Global Cybersecurity Workforce Shortage to Reach 1.8 Million by 2022 | Healthcare Informatics Magazine | Health IT | Information Technology Skip to content Skip to navigation

Global Cybersecurity Workforce Shortage to Reach 1.8 Million by 2022

June 26, 2017
by Heather Landi
| Reprints

The cybersecurity workforce gap is on pace to hit 1.8 million by 2022, a 20 percent increase since 2015, according to the Global Information Security Workforce study.

The study was conducted by Frost & Sullivan for the Center for Cyber Safety and Education, with the support of (ISC)2, Booz Allen Hamilton and Alta Associates, and is based on insights from over 19,000 cybersecurity professionals. The study found that 68 percent of workers in North America believe this workforce shortage is due to a lack of qualified personnel. To help combat the growing gap, a third of hiring managers globally are planning to increase the size of their departments by 15 percent or more.

More than 70 percent of hiring managers will increase their workforce this year: 30 percent wish to expand by 20 percent or more.

Looking at healthcare specifically, employers plan to expand staff by 20 percent or more – higher than any other industry surveyed.

What’s more, the survey found that 66 percent of respondents reported not having enough workers to address current threats. Currently most of the workforce (90 percent) is male with the majority having technical backgrounds, highlighting the issue that recruitment channels and tactics need to change.

The study also found that 87 percent of cybersecurity workers globally did not start in cybersecurity, yet 94 percent of hiring managers indicate that existing experience in the field is an important consideration. Also, 33 percent of executives and C-suite professionals began in non-technical careers.

David Shearer, CEO at (ISC)2 said in a statement, “There is a definite concern that jobs remain unfilled, ultimately resulting in a lack of resources to face current industry threats – of the information security workers surveyed, 66 percent reported having too few of workers to address current threats. We're going to have to figure out how we communicate with each other, and the industry will have to learn what to do to attract, enable and retain the cybersecurity talent needed to combat today's risks.”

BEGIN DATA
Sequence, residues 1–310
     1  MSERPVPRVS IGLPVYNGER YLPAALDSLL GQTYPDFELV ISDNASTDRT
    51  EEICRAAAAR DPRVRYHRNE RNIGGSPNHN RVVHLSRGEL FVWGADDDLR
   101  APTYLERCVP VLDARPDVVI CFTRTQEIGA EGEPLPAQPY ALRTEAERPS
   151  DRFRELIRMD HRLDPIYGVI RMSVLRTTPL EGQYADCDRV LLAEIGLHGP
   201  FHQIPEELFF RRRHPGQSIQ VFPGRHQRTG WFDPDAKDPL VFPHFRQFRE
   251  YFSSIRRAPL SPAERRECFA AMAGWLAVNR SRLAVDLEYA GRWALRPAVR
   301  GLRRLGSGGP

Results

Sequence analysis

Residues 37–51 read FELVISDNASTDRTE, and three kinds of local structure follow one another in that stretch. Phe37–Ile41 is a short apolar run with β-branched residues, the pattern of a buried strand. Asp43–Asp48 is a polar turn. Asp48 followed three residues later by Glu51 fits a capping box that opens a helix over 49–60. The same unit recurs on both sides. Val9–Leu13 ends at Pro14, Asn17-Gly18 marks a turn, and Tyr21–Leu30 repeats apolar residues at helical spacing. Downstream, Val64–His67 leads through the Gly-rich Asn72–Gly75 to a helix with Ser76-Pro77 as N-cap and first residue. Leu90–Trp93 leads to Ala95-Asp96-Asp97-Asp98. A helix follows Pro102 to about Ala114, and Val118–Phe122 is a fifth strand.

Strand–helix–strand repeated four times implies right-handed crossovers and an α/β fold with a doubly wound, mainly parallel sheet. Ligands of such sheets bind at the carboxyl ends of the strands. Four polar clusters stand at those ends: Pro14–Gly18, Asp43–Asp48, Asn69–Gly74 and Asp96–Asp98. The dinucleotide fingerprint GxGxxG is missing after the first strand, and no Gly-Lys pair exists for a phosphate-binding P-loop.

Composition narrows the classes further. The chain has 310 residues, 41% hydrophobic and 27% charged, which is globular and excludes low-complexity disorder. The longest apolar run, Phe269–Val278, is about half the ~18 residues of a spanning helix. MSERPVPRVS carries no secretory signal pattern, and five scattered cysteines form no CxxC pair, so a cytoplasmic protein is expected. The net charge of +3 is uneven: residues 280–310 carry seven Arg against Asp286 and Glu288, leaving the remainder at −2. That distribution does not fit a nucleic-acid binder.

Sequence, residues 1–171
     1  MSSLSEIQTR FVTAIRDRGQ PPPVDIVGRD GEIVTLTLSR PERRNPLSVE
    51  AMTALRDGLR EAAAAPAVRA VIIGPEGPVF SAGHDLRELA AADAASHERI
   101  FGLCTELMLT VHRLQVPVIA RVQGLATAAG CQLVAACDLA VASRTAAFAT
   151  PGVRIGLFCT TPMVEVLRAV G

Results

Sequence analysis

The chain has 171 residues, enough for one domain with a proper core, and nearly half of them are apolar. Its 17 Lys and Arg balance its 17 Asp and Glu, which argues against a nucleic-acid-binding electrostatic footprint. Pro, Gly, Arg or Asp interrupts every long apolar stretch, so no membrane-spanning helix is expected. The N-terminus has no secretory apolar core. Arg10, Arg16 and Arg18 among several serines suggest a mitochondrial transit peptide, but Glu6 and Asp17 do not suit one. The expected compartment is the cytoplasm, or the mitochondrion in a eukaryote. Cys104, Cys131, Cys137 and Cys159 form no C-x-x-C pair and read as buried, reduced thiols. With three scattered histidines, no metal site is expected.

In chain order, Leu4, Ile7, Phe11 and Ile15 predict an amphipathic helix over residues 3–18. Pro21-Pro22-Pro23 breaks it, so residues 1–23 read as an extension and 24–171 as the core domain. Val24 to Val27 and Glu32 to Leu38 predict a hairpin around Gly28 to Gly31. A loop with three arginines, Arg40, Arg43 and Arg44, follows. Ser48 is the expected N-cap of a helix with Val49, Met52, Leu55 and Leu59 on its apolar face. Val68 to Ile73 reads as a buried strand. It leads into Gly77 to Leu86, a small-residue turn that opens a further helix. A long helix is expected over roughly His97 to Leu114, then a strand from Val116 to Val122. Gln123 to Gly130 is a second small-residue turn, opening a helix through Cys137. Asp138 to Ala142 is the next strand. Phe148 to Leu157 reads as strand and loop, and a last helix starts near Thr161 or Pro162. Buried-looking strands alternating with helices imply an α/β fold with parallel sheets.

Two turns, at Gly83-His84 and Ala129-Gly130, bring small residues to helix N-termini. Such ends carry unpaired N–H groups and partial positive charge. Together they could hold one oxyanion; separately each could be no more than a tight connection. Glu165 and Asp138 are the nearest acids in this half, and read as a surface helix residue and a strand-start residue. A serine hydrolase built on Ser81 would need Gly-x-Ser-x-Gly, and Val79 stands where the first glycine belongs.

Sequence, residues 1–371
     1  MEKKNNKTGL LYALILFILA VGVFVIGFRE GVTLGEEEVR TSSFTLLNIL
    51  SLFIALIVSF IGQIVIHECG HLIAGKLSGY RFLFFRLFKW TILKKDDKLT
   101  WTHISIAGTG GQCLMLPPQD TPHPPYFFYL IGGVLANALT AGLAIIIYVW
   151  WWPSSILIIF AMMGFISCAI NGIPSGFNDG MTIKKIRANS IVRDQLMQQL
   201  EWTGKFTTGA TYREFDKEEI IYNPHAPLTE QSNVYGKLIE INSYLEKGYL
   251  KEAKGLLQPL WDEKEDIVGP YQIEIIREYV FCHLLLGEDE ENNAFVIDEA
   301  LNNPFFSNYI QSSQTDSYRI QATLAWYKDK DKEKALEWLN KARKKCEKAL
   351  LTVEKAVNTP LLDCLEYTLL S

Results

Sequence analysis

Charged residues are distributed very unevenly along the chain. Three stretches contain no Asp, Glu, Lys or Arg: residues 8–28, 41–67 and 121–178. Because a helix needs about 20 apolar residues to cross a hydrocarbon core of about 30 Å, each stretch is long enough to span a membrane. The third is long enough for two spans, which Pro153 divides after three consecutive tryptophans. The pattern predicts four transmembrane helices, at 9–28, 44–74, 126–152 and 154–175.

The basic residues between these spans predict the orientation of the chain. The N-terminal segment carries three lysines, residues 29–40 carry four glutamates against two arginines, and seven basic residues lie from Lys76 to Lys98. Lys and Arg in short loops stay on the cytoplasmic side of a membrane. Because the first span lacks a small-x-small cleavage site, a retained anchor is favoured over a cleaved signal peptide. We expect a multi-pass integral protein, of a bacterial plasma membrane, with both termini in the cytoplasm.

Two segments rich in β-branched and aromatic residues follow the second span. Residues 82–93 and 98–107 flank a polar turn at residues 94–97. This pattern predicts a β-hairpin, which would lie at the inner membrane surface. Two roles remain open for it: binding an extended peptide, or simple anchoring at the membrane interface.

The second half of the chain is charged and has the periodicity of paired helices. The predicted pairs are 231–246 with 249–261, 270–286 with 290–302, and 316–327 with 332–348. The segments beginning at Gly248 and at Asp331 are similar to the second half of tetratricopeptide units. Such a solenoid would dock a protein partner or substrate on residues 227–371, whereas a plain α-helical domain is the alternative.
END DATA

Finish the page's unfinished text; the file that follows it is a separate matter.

The report calls for employers to look for new recruitment channels and unconventional strategies and techniques to fill the worker gap. And, the report calls for employers to consider workers with more diverse skillsets and non-technical backgrounds to attract and retain cybersecurity talent. While survey responders believe the number one reason for the shortage is difficulty to find qualified personnel, they also said that job requirements are not understood by leadership.

 

Get the latest information on Health IT and attend other valuable sessions at this two-day Summit providing healthcare leaders with educational content, insightful debate and dialogue on the future of healthcare and technology.

Learn More

Topics

News

Study will Leverage Connecticut HIE to Help Prevent Suicides

A new study will aim to leverage CTHealthLink, a physician-led health information exchange (HIE) in Connecticut, to help identify the factors leading to suicide and to ultimately help prevent those deaths.

Duke Health First to Achieve HIMSS Stage 7 Rating in Analytics

North Carolina-based Duke Health has become the first U.S. healthcare institution to be awarded the highest honor for analytic capabilities by HIMSS Analytics.

NIH Releases First Dataset from Adolescent Brain Development Study

The National Institutes of Health (NIH) announced the release of the first dataset from the Adolescent Brain Cognitive Development (ABCD) study, which will enable scientists to conduct research on the many factors that influence brain, cognitive, social, and emotional development.

Boston Children's Accelerates Data-Driven Approach to Clinical Research

In an effort to bring a more data-driven approach to clinical research, Boston Children’s Hospital has joined the TriNetX global health research network.

Paper Records, Films Most Common Type of Healthcare Data Breach, Study Finds

Despite the high level of hospital adoption of electronic health records and federal incentives to do so, paper and films were the most frequent location of breached data in hospitals, according to a recent study.

AHA Appoints Senior Advisor for Cybersecurity and Risk

The American Hospital Association (AHA) has announced that John Riggi has joined the association as senior advisor for cybersecurity and risk.